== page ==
• Ruby Rose. (Getty Images)Source: Getty Images
Many heterosexual female fans (and some gay men) have long said they'd willingly "turn gay" for TV presenter Ruby Rose. Now Rose is speaking out in response to the well-meaning, but potentially-harmful compliment.
Shami Sivasubramanian

15 Apr 2016 - 10:41 AM  UPDATED 15 Apr 2016 - 10:44 AM

Australian television presenter/actress/model Ruby Rose has many adoring fans across the world - fans of all genders and sexualities. And for year many of those fans have been know to describe the extent of their adoration by saying they would "turn gay" for the openly lesbian, gender fluid icon.

But for the first time, Rose has publicly responded to the comment.

Although the turn-of-phrase is used innocently by fans, Rose's recent response to the benignly-intended compliment sheds light upon how those words actually harm the world's already narrow perception sexuality and gender.



Rose told Galore magazine when people tell her they'd "turn gay" for her, she laughs. Not out of coyness, but out of incredulity at such a comment:

"When people say to me that I turned them gay, I just laugh, because that’s not really even a possibility. It sounds like I did something against their will in the middle of the night, as if I crept into their brain and pushed the gay button, then did an evil laugh and left them to fend for themselves—newly gay and alone in the world," she says.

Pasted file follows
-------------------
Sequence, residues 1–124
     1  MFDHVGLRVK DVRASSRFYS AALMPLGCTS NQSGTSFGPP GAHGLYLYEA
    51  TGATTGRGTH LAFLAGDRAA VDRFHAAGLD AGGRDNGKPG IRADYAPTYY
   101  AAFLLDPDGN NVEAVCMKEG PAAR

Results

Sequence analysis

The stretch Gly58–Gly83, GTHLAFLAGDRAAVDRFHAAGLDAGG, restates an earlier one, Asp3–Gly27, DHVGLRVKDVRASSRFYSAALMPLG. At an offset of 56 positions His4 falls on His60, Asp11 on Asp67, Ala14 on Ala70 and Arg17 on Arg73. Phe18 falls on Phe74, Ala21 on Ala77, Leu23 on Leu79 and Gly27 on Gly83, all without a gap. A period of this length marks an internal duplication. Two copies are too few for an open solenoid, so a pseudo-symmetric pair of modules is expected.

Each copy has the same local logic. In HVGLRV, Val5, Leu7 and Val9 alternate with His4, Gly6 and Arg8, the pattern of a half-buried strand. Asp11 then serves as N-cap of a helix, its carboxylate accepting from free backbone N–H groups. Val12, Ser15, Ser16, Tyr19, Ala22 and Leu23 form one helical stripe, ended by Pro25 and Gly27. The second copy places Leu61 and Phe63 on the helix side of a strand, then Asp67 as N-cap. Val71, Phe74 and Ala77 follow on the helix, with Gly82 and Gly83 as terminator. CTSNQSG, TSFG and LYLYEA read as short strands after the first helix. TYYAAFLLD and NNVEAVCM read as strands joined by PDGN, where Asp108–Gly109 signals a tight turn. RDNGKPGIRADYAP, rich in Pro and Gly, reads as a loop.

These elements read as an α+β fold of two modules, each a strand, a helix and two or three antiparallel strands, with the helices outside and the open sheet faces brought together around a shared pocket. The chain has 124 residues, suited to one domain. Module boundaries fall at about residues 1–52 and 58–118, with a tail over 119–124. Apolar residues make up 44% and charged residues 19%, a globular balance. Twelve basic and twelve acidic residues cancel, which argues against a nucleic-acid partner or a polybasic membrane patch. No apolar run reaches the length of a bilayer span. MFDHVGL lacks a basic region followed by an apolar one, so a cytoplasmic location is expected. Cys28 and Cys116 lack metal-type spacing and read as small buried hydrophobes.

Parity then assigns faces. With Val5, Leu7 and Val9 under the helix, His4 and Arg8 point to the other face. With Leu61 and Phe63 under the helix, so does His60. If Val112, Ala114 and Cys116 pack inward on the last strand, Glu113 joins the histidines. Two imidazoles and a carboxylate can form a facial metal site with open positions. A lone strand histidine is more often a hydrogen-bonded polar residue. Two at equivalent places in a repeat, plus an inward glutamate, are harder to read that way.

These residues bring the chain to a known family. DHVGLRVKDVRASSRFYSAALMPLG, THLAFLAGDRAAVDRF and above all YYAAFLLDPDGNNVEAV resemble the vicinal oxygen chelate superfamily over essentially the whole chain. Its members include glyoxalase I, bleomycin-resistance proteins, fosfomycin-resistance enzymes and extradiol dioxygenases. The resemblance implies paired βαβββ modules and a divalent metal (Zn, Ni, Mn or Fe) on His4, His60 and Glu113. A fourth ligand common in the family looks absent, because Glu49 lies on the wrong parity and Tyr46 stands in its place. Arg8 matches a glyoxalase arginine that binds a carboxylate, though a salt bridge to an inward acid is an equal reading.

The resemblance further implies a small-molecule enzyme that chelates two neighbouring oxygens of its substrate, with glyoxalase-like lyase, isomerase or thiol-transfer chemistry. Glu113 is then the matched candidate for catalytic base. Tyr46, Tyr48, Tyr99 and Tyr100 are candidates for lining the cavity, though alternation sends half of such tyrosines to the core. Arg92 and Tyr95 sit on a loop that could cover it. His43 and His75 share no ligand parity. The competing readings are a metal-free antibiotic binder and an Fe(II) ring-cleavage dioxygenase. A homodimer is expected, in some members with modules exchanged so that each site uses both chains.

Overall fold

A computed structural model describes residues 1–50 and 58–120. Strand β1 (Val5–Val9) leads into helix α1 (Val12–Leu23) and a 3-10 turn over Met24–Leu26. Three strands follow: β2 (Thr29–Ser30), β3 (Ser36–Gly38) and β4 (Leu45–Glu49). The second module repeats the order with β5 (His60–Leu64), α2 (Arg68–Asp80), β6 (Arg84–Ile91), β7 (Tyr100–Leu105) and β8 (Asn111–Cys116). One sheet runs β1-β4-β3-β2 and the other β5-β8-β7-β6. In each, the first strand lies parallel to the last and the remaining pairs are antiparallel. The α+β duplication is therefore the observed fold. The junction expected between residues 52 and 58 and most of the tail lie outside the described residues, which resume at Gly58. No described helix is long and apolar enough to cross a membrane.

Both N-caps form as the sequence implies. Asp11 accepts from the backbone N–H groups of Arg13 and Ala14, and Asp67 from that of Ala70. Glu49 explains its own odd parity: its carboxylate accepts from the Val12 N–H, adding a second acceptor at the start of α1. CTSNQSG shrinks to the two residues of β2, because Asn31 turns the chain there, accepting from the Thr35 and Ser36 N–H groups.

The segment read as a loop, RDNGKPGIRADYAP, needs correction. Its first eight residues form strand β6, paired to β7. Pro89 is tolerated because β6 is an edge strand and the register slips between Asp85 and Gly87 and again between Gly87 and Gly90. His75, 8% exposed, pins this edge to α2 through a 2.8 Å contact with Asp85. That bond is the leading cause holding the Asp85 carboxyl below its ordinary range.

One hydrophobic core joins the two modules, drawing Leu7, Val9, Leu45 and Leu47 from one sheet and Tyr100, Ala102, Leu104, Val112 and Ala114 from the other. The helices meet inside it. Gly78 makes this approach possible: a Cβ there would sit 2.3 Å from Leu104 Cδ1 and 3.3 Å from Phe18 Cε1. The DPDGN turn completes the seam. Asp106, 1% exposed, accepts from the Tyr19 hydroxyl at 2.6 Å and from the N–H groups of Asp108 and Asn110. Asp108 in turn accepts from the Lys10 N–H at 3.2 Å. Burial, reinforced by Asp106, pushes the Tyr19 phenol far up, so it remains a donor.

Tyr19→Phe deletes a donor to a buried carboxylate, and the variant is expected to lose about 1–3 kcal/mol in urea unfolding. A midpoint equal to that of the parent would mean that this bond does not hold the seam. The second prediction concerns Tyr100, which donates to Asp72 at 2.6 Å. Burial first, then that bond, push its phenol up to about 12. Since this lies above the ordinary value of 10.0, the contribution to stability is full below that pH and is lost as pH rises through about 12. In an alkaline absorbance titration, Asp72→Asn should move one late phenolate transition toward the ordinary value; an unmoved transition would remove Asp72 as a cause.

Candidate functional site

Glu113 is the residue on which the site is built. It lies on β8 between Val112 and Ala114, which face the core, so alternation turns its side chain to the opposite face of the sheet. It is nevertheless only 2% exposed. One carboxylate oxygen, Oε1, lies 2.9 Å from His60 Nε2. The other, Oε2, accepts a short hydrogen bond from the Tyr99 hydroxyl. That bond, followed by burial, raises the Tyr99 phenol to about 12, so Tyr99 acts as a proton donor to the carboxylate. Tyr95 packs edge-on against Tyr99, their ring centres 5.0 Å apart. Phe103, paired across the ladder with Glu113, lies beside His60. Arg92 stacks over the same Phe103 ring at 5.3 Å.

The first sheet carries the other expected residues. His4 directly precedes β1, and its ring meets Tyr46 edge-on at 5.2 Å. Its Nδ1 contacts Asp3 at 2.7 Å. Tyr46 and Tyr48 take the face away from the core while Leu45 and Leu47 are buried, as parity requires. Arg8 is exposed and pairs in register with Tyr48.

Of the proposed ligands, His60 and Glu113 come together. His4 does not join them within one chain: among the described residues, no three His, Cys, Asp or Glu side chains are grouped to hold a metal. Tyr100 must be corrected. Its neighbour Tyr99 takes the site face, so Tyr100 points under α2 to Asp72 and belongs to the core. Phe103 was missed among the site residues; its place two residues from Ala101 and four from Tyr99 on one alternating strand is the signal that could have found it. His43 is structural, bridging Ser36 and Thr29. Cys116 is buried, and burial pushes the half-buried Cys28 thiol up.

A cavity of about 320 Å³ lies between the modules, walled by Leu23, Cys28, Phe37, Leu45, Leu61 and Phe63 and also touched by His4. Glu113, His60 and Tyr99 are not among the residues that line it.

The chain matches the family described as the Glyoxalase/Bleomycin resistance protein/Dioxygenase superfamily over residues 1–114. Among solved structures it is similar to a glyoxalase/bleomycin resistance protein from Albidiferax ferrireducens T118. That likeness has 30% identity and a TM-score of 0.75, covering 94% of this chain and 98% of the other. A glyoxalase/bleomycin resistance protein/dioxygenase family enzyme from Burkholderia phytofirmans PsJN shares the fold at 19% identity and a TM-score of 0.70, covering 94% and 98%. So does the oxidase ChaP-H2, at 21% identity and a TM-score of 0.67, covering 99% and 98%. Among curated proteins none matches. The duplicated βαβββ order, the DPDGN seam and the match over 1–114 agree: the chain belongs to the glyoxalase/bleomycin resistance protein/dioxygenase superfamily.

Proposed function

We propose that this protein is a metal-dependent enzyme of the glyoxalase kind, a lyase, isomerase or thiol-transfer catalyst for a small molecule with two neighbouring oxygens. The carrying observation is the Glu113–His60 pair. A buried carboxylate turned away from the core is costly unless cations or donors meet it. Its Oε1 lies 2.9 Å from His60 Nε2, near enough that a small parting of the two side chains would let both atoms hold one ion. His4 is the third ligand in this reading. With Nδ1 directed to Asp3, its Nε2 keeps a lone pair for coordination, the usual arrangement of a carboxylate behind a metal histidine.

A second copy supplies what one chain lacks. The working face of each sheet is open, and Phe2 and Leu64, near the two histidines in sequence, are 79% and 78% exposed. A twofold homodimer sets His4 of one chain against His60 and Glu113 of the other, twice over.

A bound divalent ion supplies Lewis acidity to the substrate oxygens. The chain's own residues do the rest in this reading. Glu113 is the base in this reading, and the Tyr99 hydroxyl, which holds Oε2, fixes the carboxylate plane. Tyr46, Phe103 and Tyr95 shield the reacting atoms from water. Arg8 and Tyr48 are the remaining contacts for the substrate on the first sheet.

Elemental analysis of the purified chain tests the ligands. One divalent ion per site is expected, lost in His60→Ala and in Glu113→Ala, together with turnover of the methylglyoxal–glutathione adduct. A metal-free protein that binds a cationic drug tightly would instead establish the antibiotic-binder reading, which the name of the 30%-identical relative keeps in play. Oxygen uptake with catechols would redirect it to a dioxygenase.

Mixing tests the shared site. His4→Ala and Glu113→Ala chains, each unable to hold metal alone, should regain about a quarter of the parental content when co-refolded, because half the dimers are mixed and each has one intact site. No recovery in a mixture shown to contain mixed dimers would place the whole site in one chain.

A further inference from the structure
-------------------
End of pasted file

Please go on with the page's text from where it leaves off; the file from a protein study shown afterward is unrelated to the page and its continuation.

Rose says sexuality is a personal experience, one that no other person can influence. No one can make you gay, even if you happen to have a one-off crush on someone from the same-sex, she says.

"I break it down like this: Did I find Channing Tatum in Magic Mike to be extremely hot? Yes! Could I now turn straight for him without having previously ever had a desire to be with a man? The answer is, nope. Haha. But people will say to J. Law, 'I want to be your best friend,' or to T. Swift, 'I want to be in your squad.' Everyone has got their little thing, and the catch phrase I got after Orange was, 'She turned me gay.'"


Rose believes in the Kinsey Scale theory which views sexuality as a continuum, not binary. The Kinsey Scale, developed by American sex researchers Alfred Kinsey, Wardell Pomeroy, and Clyde Martin in 1948, ranges from numbers zero (exclusively homosexual) to six (exclusively heterosexual).


Rose first came out as lesbian at age 12. She has been previously linked to model Catherine McNeil, Demi Lovato, and was famously engaged to Roald Dahl's granddaughter, Phoebe Dahl.